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[LONDON] Global equities rallied and the pound strengthened the most since 2008 on signs the campaign for the UK to stay in the European Union was gaining momentum before this week's referendum.
The S&P 500 Index jumped the most in a month, the Stoxx Europe 600 Index headed for its biggest gain since August and emerging-market shares advanced as a poll showed Britons favored remaining in the EU. Sterling jumped 2 per cent, Spanish bonds gained and credit risk fell the most since March. Oil rallied with industrial metals. The yield on 10-year Treasury notes jumped six basis points to 1.67 per cent.
Global equities have rebounded from a four-week low as riskier assets gained, after bookmakers' odds suggested the chances of a "Leave" vote faded since the murder of a pro- European lawmaker on Thursday. A poll over the weekend showed 45 per cent of voters backed the 'Remain' camp, while 42 per cent were in favor of a so-called Brexit.
The MSCI All-Country World Index jumped 2.1 per cent as of 10.14 am in New York, set for its biggest increase since March 1. The MSCI Emerging Markets Currency Index increased 0.8 per cent, and a gauge of commodities advanced for a second day.
The Stoxx Europe 600 Index jumped 3.4 per cent, for a second consecutive gain, with banks and financial-services companies among those leading the advance.
All major western-European markets climbed, with the UK's benchmark FTSE 100 Index adding 2.2 per cent. The volume of Stoxx 600 shares changing hands was 35 per cent higher than the 30-day average and a measure of euro-area volatility slid 9.5 per cent, its biggest drop since March.
The MSCI Emerging Markets Index of shares jumped 1.9 per cent, the most in more than two months. Benchmarks in Poland and Hungary climbed at least 1.2 per cent, while equities in Turkey gained 2.4 percent.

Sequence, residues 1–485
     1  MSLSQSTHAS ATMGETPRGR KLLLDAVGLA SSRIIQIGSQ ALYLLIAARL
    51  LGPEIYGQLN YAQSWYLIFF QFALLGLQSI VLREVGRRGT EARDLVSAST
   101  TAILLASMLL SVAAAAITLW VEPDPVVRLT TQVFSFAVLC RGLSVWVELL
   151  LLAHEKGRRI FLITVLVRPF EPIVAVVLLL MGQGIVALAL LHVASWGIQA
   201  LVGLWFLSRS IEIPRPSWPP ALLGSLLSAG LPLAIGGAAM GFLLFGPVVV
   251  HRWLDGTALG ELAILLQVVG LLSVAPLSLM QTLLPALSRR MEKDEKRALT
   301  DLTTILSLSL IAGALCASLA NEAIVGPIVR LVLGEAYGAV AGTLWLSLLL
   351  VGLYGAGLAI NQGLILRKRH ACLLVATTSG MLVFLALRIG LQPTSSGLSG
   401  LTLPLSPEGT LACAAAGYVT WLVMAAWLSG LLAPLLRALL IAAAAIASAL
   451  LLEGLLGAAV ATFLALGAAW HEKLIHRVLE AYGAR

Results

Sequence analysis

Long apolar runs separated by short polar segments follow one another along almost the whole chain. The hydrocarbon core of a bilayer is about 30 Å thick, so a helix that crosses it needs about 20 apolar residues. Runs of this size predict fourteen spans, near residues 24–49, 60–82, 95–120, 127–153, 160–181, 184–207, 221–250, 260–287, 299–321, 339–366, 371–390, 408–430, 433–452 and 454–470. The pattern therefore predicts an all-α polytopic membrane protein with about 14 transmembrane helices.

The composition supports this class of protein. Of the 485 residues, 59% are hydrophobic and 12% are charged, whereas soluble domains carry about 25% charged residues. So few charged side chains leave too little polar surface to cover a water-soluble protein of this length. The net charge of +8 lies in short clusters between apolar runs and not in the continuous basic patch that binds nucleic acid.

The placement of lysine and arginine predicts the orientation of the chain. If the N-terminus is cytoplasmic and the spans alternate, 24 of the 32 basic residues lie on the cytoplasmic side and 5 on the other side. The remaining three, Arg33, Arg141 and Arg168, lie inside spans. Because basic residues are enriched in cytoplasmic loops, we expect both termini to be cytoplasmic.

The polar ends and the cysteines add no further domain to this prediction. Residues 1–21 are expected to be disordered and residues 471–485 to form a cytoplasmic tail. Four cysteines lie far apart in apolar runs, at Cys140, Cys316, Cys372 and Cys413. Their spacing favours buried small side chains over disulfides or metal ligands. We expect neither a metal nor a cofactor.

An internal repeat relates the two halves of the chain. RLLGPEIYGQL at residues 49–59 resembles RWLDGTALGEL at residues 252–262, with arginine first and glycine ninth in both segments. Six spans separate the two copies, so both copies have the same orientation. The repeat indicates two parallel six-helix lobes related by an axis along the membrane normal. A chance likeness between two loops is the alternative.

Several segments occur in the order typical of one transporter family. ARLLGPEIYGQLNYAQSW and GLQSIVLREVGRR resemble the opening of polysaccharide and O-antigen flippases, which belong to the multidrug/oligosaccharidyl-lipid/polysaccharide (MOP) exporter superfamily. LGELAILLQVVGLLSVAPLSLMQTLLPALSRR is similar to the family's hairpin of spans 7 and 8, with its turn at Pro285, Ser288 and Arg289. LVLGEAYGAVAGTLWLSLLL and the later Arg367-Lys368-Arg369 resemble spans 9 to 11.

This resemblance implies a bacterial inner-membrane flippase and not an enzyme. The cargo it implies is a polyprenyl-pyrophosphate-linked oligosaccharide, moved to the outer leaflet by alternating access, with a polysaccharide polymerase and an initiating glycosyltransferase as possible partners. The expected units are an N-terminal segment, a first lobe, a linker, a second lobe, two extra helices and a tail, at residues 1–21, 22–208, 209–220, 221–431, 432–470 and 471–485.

The pound strengthened against all except one of its 31 major peers, rising the most since December 2008 against the dollar. Among Group-of-10 currencies, the Swedish krona, Norwegian krone and Australian dollar all advanced at least 1.1 percent.
"The markets have always been more comfortable with the UK remaining in the European Union, hence the boost to risk sentiment now that the 'Remain' camp's campaign appears to be back on track," Kathleen Brooks, London-based research director at Gain Capital Holdings Inc., wrote in a note.
Oddschecker data show less than 30 per cent odds of a Brexit, from 40 per cent at the close on Wednesday. Federal Reserve Chair Janet Yellen, who's due to address lawmakers this week, said last Wednesday that the British vote was a factor considered by officials as they decided to keep interest rates unchanged.
The yen dropped 0.3 per cent to 104.49 versus the greenback, having surged2.7 per cent last week as the Bank of Japan refrained from expanding monetary stimulus at a time when Brexit risk was spurring demand for haven assets.